2016 Rome-London Lecture: Grotte Scalina: a new monumental Etruscan tomb near Viterbo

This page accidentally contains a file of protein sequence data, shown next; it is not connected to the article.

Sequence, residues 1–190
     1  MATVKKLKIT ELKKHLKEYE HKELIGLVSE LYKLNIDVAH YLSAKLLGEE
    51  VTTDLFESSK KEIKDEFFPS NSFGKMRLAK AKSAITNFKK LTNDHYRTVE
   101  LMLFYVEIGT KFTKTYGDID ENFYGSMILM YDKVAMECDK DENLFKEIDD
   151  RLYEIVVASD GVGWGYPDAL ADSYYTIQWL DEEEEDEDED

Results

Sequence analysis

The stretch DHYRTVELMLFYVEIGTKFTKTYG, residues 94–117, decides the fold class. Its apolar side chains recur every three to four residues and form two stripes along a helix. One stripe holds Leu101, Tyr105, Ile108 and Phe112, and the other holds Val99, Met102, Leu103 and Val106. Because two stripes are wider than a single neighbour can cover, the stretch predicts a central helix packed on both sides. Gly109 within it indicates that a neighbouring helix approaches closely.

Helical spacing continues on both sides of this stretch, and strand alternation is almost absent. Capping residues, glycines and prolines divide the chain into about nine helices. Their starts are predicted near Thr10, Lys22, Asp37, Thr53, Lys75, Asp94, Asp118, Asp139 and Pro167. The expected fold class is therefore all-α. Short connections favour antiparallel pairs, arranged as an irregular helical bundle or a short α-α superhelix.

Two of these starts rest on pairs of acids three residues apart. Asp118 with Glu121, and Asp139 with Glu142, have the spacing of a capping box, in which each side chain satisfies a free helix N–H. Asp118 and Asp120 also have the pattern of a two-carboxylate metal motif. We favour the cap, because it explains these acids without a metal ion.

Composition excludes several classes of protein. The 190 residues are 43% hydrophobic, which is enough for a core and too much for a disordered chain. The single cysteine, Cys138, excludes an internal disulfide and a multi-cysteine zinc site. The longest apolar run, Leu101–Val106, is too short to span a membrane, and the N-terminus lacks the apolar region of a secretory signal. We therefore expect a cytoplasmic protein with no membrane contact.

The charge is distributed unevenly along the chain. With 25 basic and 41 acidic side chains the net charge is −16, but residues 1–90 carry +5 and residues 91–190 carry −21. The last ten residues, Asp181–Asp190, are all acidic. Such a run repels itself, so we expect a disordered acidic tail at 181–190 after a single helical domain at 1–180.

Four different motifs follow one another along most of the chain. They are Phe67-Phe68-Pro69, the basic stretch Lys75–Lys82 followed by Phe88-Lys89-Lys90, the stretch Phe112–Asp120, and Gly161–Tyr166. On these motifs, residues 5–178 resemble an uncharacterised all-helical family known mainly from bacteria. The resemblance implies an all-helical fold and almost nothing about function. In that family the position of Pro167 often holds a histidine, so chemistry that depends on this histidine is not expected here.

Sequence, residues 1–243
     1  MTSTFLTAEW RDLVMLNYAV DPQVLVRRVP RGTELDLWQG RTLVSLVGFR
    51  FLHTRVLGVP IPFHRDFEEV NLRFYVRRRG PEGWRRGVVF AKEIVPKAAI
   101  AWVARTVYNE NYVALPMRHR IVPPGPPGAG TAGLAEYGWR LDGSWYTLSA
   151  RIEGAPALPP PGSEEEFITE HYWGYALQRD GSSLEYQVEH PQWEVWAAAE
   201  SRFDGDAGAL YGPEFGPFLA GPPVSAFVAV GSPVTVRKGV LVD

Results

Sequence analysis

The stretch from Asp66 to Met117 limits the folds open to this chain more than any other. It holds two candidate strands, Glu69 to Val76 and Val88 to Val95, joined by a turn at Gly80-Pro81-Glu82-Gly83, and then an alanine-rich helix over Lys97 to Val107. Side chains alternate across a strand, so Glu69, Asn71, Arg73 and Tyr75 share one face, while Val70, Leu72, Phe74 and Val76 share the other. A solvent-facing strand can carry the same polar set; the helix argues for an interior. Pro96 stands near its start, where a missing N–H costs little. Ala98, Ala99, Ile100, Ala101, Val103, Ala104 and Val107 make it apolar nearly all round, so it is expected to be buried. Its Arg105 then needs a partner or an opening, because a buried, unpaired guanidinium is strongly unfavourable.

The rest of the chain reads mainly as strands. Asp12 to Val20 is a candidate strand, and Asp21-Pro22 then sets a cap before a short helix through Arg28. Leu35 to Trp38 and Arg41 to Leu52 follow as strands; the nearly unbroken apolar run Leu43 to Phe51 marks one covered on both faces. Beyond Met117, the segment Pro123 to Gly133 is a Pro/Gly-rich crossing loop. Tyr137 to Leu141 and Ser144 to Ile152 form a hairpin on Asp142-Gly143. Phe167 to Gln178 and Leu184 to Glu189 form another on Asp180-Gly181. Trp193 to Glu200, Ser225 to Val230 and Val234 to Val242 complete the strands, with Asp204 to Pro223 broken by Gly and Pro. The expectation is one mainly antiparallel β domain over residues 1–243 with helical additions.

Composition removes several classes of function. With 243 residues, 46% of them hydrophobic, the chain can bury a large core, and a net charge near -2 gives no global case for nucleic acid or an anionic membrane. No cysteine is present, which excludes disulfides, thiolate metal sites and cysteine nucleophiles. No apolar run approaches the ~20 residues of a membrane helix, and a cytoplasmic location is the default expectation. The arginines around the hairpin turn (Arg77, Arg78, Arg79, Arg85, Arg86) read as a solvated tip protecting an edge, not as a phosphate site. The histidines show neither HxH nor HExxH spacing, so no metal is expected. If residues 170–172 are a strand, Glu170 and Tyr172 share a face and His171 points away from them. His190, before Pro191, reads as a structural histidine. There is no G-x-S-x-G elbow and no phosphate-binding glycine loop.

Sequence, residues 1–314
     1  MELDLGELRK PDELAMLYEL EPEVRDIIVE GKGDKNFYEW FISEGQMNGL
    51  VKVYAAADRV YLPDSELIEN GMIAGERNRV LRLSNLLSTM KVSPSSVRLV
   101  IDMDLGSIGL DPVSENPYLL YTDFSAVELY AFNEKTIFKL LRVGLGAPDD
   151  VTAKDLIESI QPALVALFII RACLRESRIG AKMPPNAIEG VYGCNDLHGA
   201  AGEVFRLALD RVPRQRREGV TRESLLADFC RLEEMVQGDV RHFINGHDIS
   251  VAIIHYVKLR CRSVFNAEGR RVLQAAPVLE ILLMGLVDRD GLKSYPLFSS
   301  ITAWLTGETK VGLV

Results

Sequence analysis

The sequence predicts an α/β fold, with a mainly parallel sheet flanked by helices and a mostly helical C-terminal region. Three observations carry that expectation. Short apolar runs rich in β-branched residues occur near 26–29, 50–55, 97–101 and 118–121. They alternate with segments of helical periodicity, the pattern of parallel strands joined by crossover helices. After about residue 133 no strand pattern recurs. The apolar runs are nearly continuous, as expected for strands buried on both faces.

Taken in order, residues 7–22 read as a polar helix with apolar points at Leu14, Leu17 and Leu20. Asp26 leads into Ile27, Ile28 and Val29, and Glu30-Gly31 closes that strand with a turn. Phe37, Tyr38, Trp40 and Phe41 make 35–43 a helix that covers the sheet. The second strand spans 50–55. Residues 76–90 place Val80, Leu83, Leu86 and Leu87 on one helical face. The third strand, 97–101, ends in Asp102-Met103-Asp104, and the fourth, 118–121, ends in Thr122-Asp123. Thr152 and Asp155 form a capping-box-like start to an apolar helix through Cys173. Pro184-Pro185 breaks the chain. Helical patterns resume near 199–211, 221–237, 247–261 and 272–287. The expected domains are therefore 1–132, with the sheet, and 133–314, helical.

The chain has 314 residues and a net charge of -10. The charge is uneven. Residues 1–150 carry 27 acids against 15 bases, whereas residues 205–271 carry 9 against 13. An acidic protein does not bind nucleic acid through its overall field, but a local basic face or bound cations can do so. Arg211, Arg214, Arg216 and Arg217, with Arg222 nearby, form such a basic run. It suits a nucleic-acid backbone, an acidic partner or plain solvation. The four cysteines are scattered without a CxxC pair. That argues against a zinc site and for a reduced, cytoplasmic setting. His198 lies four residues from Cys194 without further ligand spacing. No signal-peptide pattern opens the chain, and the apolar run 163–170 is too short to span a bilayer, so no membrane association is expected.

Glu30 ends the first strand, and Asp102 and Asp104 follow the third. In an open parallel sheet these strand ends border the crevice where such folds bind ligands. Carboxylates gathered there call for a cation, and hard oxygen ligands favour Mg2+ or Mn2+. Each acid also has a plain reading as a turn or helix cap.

Wednesday 9 March, 5.00 p.m. at Senate House (G22/26), London A lecture by Dr Vincent Jolivet (CNRS) Rediscovered at the end of the XXth century, and systematically excavated since 2011, the Etruscan tomb of Grotte Scalina offers an outstanding example of hellenistic rock-cut architecture on the grand scale. The façade – with its two porticated storeys, connected by two staircases, and crowned by a pediment – seems to have been inspired by the propylea of palatial architecture known from Pella and Vergina in Macedonia. The early date of its construction, and the fact that there are no similar monuments in South Italy, suggests direct relationships between Etruria and the Macedonia of Philip II or Alexander the Great. But the great banqueting hall of Grotte Scalina, equipped with six beds, derives, in an unique monumental form, from traditional Etruscan funerary architecture. This collaborative venture is supported by the Institute of Classical Studies and the British School at Rome.